A remarkable woman who left Argentina for Scarborough during the Second World War finally got to revisit her posting 70 years on.
Sister Pamela Hussey MBE visited GCHQ Scarborough on Friday last week after a personal invitation from the Irton Moor base.
Having seen coverage of Prince Charles’ visit earlier in the year, Sister Hussey, who is now 92, wrote to the prince at Clarence House stating she was based there during the war. Her letter was passed to the base commander, who extended a special invitation for her to come back for a tour – personnel who leave GCHQ are rarely allowed back to visit their places of work.
Speaking to The Scarborough News, she said: “It has changed a lot from my day.
“We used to work underground, listening all day to communications. I knew Morse Code you see, that’s why I was sent to work in Scarborough.”
Sister Hussey was born to English parents in Buenos Aires and, by her own admission, was a regular on the cocktail scene in the city before the outbreak of war.
“We were glued to the coverage of the war when it broke out,” she said.
“When I was 20, in 1942, I set off on a huge boat with many of my friends for England. I just felt I had to be there and to do my part. It was like a big party when we set off, we were given gifts, some of which I still have, and it took five weeks for us to zig zig our way to the UK. We were all young people on the boat but we knew how dangerous the crossing could be.
“We had been told that we were not to stop, even if we saw debris of lifeboats in the water we would not stop for them in case it was a trap.”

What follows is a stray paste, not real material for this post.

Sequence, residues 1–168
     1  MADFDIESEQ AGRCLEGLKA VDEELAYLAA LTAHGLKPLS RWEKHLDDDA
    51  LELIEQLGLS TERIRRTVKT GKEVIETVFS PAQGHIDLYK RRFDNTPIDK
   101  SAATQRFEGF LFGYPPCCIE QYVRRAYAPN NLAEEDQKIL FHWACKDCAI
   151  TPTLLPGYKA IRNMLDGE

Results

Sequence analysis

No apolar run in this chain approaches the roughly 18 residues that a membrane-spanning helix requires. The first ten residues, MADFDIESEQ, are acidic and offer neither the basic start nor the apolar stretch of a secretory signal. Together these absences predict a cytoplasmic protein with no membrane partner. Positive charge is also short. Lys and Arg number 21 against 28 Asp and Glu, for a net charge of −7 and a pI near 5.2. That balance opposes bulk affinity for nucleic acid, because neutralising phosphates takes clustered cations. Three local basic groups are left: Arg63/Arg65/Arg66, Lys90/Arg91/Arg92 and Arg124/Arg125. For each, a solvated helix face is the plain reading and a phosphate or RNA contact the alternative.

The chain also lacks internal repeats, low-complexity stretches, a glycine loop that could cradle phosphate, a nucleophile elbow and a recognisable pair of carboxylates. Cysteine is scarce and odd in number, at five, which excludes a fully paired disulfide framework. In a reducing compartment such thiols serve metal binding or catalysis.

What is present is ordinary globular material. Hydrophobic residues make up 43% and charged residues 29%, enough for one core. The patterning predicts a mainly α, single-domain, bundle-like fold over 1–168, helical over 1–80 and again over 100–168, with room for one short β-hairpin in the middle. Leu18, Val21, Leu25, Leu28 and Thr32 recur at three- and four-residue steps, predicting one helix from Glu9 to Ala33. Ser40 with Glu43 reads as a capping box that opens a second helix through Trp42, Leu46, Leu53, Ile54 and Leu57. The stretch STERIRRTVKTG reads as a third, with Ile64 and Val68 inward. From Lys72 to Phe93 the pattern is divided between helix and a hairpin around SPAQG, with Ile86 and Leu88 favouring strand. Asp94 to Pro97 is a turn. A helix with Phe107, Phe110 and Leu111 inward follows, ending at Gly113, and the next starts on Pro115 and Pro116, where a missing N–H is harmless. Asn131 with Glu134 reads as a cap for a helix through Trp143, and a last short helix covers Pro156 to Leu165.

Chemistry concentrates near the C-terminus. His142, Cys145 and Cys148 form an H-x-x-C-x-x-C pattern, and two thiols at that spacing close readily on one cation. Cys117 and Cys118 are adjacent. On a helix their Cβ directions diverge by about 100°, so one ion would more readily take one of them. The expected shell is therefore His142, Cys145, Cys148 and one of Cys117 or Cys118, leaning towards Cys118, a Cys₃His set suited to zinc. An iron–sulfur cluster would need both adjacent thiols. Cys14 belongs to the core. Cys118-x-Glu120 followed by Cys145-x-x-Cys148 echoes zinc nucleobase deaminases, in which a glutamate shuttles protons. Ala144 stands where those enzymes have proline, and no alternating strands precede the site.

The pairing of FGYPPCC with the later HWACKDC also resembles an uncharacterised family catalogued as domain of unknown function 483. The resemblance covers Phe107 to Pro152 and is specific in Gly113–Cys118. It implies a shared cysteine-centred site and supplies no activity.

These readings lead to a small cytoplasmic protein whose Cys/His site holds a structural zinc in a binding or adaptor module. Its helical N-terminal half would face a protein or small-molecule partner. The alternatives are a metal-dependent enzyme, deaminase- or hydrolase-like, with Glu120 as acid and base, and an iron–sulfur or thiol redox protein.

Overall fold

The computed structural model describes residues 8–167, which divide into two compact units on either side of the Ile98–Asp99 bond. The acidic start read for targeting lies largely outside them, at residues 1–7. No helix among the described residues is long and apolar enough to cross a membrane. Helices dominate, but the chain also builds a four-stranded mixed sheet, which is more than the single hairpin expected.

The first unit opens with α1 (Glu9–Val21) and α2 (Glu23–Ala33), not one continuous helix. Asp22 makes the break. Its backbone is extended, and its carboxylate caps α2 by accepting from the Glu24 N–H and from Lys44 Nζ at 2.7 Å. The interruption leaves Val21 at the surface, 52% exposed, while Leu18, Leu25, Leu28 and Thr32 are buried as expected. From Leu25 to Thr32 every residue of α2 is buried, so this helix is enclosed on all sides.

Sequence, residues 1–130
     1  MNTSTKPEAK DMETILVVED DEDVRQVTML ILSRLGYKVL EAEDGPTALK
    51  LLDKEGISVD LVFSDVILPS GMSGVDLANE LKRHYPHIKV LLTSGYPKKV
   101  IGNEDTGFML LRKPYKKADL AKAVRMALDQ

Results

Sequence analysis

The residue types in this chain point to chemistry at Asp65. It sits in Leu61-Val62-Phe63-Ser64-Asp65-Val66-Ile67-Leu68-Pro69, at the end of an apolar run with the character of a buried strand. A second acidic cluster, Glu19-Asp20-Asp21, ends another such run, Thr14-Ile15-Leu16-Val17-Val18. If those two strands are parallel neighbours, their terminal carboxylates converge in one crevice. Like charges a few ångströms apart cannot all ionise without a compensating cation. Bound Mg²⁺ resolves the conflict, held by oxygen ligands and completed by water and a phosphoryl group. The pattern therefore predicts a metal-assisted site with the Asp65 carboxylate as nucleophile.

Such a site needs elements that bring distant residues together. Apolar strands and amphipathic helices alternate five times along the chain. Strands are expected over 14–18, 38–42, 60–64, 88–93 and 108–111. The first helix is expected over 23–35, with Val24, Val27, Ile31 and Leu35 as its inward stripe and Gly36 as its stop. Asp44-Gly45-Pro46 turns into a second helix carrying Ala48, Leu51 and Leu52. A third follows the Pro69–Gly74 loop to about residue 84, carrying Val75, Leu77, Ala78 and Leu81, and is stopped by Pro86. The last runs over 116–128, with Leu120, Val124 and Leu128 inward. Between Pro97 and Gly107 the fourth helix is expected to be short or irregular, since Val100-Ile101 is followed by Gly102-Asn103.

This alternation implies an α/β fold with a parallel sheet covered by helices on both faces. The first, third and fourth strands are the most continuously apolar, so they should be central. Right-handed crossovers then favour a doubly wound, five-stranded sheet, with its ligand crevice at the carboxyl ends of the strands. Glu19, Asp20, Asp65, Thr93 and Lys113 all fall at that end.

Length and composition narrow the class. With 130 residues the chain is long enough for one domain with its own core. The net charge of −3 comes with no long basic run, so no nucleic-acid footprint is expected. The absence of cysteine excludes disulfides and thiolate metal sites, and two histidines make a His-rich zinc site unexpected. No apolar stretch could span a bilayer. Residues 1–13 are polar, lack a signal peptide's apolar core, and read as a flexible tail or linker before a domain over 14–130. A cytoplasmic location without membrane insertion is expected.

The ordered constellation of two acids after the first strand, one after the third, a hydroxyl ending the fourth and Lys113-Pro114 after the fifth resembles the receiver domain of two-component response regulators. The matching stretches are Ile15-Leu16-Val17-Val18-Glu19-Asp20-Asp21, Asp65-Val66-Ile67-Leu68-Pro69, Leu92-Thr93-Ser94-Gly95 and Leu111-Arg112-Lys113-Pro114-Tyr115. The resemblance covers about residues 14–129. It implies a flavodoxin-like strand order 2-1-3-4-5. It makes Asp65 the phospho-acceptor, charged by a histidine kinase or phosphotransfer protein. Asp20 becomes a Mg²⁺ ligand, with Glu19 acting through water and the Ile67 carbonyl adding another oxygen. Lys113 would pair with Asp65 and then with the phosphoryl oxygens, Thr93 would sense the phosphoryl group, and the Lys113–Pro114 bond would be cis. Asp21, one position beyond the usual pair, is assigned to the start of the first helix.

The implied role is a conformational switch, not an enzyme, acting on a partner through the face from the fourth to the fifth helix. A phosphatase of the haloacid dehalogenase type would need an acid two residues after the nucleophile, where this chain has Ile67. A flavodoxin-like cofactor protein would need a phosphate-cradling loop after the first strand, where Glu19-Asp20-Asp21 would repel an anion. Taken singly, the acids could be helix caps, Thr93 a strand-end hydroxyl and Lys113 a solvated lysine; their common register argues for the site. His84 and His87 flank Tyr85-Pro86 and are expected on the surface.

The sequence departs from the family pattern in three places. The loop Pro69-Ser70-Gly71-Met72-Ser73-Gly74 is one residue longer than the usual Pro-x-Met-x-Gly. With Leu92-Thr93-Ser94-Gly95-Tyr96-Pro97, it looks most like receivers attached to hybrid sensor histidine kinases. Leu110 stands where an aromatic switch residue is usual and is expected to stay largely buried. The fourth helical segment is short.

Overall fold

To illustrate the perilous nature of the crossing, the boats which set off immediately before and after Sister Hussey’s were both sunk before they reached their destination.
After arriving at her aunt’s in London and getting her ration book, she signed up for the Women’s Royal Naval Service (WRNS) and was sent to Scarborough as a wireless telegraphist.
“I didn’t know the town but I thought it was very pretty when I arrived. We used to get picked up to be taken to and from the base with sailors and I remember they used to sing some very bawdy songs to wind up us girls.”
At work she would listen to incoming communications for hours.
“We would sit in a row in front of these huge banks of machines listening,” she said.
“One day myself and a friend intercepted a message and was told by my boss that ‘if you do nothing else in your time here you have done your war effort’. We never knew what it was but I can only think we were on the U-boat frequency.
“All we were told was that our messages were being sent to ‘Station X’, which we found out years later was Bletchley Park.”
After returning to Argentina in 1945 Sister Hussey said she became alienated from her pre-war life and started reading religious texts for the first time, coming to England in 1950, joining the Society of the Holy Child Jesus to teach languages in its schools.
In 1981 she joined the Catholic Institute for International Relations (CIIR) and, being fluent in Spanish, was immediately asked to take part in an ecumenical mission to Salvadoran refugee camps in Honduras. Thousands of refugees displaced by the Salvadoran Civil War were in the camps and Sister Hussey was make many trips into the wartorn country during her 20 years on the Latin American desk of the CIIR. She witnessed atrocities and lost many friends during the conflict but the sight of the refugees making a life for themselves despite the hardships they had suffered inspired her to write a book, with Marigold Best, called Life Out of Death. She championed human rights causes on the continent and in 2000 was awarded an MBE for her services to Latin America.